An article in the Oct. 6 Loudoun Extra about a Loudoun County Planning Commission hearing misidentified an organization with which Andrea McGimsey of Ashburn is affiliated. The organization is the Campaign for Loudoun's Future. (Published 10/9/2005)

On any other night, 6-year-old Wyatt Cury-Joyner might have been playing at home with his brother, Reid, 13. But on Monday night, he was waiting in a long line to speak before the Loudoun County Planning Commission.

The boys had come in matching jeans and collared shirts to the County Government Center to attend the commission's public hearing on a controversial proposal to rezone a portion of the southern part of the county.

Both boys are home-schooled by their mother, Valerie Cury-Joyner, at their Purcellville home, where she has taught them about growth and its effects on residents.

"I've taught them to care about the community," Cury-Joyner said.

As they waited, along with about 150 others who wanted to address the commission, Wyatt practiced his comments, albeit a bit nervously. "Children are the future of Loudoun County. . . . Are you, are you going to leave us with so much debt and so much traffic and so many schools to build?" he asked, before hiding behind his mother.

Critics and proponents alike lined up Monday night to offer their two cents' worth on Comprehensive Plan Amendment 2003-2005, which would permit nearly six times as many homes as current zoning allows in the Upper Foley and Upper Broad Run transition areas. The amendment must be approved by the commission and the Board of Supervisors.

Nearly an hour before the start of the hearing, the line of speakers already snaked back and forth through the lobby several times. When the proceedings finally began, people were standing shoulder to shoulder inside the board room. Some were asked to leave after making their comments to create space for those lined up outside.

For the first 11/2 hours of the six-hour hearing, speaker after speaker -- including representatives of developer Greenvest LC -- rose to endorse the amendment. After about 30 minutes, amendment opponents who were stuck in the hall began chanting, "Let the citizens in!" and "Where's the public process?" Some critics complained that employees of the developer were taking up seats, keeping opponents outside.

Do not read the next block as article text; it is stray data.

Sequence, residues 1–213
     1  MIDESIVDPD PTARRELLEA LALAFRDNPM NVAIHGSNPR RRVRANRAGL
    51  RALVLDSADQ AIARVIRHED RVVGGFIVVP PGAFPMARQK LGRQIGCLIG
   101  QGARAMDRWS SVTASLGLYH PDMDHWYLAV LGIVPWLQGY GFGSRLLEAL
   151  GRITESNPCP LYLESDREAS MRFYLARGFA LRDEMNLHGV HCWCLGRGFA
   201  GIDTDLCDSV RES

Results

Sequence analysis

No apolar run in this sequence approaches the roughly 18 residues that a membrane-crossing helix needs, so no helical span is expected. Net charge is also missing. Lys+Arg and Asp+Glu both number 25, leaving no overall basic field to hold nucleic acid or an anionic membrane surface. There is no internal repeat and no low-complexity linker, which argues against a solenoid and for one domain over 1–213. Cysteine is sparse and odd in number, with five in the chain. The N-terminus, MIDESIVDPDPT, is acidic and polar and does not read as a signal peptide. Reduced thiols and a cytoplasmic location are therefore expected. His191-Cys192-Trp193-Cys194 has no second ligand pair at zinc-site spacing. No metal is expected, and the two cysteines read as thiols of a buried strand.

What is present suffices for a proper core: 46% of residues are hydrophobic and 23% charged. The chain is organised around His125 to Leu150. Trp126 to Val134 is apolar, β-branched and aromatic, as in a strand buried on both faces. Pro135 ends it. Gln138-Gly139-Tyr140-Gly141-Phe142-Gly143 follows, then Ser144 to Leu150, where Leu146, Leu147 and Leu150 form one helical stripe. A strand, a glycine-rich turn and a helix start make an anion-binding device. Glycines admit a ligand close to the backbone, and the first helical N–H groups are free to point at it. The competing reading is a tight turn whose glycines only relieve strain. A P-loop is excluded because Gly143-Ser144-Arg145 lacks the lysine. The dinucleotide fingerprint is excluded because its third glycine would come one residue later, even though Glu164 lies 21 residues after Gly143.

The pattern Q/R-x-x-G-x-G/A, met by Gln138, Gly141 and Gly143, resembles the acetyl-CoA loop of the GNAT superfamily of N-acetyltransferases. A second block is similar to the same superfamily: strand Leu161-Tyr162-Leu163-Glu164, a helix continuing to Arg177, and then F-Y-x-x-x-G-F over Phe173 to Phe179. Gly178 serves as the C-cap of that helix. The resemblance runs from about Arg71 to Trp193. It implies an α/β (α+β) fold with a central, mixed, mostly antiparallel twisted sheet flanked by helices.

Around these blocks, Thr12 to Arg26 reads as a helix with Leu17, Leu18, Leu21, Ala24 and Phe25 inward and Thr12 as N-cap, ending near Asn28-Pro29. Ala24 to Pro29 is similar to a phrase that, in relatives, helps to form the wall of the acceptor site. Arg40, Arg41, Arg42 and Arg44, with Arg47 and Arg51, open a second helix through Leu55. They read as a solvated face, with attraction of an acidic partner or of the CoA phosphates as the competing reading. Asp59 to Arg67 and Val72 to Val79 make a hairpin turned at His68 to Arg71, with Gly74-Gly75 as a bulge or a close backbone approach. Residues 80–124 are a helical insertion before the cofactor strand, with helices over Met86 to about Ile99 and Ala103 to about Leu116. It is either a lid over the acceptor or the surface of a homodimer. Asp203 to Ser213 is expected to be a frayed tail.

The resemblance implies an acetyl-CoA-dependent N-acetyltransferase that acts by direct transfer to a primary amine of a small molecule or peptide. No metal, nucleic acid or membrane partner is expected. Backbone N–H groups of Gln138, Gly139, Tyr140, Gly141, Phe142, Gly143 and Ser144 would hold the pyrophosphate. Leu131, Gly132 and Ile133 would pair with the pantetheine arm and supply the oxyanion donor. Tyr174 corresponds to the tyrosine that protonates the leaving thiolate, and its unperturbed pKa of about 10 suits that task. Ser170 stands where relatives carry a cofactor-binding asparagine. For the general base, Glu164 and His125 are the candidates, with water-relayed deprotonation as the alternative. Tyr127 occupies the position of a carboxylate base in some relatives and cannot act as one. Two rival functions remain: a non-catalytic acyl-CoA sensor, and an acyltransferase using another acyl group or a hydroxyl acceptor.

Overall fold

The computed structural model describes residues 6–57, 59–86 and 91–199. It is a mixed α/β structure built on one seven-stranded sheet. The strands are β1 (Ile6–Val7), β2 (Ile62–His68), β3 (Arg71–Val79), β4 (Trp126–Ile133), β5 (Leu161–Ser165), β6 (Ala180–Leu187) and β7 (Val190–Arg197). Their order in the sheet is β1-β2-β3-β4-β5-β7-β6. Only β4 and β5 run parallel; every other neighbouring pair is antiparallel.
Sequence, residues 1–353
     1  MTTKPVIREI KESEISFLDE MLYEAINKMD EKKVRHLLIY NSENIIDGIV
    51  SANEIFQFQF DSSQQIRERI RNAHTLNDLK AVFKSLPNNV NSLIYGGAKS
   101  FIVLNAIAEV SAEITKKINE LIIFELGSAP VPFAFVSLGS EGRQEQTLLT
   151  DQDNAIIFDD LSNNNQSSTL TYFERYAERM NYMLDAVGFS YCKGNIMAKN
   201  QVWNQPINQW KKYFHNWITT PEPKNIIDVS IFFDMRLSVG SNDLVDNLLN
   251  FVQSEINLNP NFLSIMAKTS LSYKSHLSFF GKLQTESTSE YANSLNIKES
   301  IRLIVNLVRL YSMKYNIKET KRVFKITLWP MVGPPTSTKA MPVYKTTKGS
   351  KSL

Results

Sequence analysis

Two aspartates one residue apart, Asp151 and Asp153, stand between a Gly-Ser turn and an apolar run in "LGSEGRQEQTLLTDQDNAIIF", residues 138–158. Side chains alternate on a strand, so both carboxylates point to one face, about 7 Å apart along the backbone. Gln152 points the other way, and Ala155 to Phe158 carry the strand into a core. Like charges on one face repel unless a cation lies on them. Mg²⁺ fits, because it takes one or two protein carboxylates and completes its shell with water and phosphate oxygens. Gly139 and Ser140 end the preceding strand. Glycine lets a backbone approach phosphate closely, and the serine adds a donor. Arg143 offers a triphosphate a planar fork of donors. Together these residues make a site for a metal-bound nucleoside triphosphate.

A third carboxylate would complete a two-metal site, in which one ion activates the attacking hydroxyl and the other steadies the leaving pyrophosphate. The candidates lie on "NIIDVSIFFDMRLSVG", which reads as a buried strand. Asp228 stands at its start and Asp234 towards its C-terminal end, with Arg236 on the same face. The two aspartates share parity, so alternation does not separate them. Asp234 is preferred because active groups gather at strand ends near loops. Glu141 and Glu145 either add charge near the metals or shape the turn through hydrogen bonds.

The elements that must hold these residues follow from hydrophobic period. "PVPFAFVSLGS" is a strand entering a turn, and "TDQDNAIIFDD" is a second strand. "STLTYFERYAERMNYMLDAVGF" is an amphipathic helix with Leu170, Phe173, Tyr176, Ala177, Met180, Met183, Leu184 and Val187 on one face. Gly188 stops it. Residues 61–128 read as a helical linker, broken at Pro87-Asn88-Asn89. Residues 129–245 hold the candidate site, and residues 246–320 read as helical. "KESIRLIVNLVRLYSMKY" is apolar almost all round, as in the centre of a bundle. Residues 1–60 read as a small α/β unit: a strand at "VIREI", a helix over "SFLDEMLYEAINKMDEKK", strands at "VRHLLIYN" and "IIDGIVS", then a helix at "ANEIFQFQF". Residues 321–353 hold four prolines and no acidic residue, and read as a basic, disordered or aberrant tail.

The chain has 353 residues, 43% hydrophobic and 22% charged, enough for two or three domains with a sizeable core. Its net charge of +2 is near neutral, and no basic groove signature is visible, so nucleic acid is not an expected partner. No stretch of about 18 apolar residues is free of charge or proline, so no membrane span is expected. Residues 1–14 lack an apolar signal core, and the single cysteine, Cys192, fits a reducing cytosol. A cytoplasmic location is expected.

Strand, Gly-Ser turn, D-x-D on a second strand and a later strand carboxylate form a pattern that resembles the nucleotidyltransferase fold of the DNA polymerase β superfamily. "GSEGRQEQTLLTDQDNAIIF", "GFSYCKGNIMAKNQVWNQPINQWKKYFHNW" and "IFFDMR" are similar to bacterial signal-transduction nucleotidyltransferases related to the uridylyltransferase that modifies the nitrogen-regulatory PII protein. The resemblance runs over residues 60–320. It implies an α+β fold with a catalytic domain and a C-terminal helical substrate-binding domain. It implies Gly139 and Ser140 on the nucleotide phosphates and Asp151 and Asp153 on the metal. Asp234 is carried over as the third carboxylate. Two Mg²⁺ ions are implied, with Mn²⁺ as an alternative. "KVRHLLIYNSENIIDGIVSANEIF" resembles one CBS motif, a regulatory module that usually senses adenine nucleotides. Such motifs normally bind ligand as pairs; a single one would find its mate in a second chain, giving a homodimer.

Planning Commissioner John D. Herbert (Catoctin) was the only member absent; the hearing was held on the Jewish holiday of Rosh Hashanah, and Herbert had complained about the timing.

Given the high turnout, many people said more public hearings were necessary. The commission has raised the possibility of another hearing, but no date has been set.

The commission held two public hearings, one in March and one in April, and an open house the last week of September. But Ed Gorski, a land-use officer for the Piedmont Environmental Council, which opposes the amendment, noted that this hearing was the first time residents could respond to the county's projections of the amendment's impact.

"Before, there was nothing specific to talk about," Gorski said.

The projections show that the amendment could result in 23,406 new homes, 63,144 new residents and 12,340 new students in the affected area. Ten more schools and 10 more parks would be needed to provide services to the larger population, the county said.

Opponents showed up at the hearing holding signs reading, "What's the Rush?" and wearing orange stickers saying, "Don't Supersize Loudoun!" They cited higher taxes and increased gridlock as reasons for their opposition.

But supporters of the amendment cited the inevitability of growth in Loudoun, one of the fastest-growing counties in the nation.

They also said that new homes would make living more affordable for young people and that developers would help build roads and bring amenities -- including a proposed George Mason University campus -- to the transition area.

"I am not supporting limitless growth," said Rose Ellen Ray, who lives in the Blue Ridge District and supports the amendment. "But we all know people are coming to Loudoun County. You're young, you've got a job here, where are you going to live?" she said.

Aubrey Skinner of Leesburg agreed, saying: "I've seen Loudoun transform from cornfields to one of the most sought-after places to live. People are moving here, and we need a place to put them."

But Andrea McGimsey of the nonprofit group Loudoun's Future, said the commission was not giving residents the full picture.

"We've got the data, and we don't believe your marketing spin," she told commissioners.